The role of plasma lipoproteins in supplying cholesterol for progesterone biosynthesis by human corpus luteum tissue in culture was investigated. Progesterone secretion by tissue fragments maintained in organ culture reached a maximum rate by the third day and subsequently declined. Maximal secretion of progesterone was dependent on the presence of both low density lipoprotein (LDL) and hCG in the culture medium, whereas high density lipoprotein (HDL) was ineffective in supporting progesterone biosynthesis. Human corpus luteum tissue degraded [l25I]iodo-LDL by a mechanism which was saturable, and degradation of [125I]iodo-LDL was stimulated by hCG. Although 3-hydroxy-3-methylglutaryl coenzyme A reductase activity was present in microsomes prepared from fresh human corpus luteum tissue, the activity of this enzyme in microsomes prepared from tissue maintained in culture for 3 days was virtually undetectable. Fresh human corpus luteum tissue contained 3 times more unesterified cholesterol than esterified cholesterol. It is concluded that LDL, but not HDL, is the major source of cholesterol used by the human corpus luteum for progesterone biosynthesis.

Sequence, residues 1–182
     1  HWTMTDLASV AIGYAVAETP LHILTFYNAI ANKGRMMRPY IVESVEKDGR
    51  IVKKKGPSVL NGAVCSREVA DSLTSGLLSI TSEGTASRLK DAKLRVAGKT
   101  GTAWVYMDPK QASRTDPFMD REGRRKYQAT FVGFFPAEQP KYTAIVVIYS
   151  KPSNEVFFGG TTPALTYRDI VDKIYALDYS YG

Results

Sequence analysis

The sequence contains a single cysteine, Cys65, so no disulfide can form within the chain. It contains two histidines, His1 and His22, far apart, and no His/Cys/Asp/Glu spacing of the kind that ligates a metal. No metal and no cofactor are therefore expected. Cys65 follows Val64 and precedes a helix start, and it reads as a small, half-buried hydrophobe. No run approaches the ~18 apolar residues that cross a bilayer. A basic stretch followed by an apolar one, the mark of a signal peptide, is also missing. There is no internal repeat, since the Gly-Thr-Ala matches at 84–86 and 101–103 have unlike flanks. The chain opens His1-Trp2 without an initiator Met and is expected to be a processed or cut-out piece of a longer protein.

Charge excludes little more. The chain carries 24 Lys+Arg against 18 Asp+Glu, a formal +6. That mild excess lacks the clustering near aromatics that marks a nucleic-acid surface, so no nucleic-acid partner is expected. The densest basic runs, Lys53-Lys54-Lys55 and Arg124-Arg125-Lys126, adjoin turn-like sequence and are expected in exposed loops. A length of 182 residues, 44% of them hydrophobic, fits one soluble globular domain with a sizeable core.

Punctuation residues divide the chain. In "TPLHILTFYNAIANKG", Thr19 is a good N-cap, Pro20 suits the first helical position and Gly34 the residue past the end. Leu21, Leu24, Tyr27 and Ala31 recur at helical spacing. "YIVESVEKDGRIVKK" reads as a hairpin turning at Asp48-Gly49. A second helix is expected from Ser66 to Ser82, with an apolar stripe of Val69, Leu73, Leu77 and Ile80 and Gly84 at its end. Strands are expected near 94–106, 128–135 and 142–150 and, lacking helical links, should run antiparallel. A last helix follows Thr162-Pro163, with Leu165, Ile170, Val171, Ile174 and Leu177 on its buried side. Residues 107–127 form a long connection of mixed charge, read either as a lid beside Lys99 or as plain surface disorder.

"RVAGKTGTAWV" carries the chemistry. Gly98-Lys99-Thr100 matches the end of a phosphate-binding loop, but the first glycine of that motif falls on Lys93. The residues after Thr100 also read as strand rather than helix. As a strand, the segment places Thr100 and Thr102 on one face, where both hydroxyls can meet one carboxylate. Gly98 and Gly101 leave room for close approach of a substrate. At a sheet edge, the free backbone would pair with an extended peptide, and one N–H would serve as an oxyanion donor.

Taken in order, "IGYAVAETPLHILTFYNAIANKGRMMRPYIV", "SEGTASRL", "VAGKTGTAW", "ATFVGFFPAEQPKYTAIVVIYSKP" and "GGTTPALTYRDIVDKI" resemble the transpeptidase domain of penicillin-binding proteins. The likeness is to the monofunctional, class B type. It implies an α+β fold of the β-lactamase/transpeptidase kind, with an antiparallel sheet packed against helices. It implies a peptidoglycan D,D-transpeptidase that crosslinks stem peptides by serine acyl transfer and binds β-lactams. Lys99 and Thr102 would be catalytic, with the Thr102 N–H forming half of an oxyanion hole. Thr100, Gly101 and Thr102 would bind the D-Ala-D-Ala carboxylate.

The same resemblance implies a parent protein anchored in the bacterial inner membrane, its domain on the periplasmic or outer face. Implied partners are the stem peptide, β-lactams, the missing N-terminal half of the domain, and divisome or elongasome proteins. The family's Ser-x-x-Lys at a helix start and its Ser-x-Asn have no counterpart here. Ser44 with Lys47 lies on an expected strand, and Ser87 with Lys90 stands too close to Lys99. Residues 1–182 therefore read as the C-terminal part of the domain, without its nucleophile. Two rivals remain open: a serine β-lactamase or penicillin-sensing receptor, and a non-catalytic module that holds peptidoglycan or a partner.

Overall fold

ASJC Scopus subject areas
- Endocrinology, Diabetes and Metabolism
- Clinical Biochemistry
- Biochemistry, medical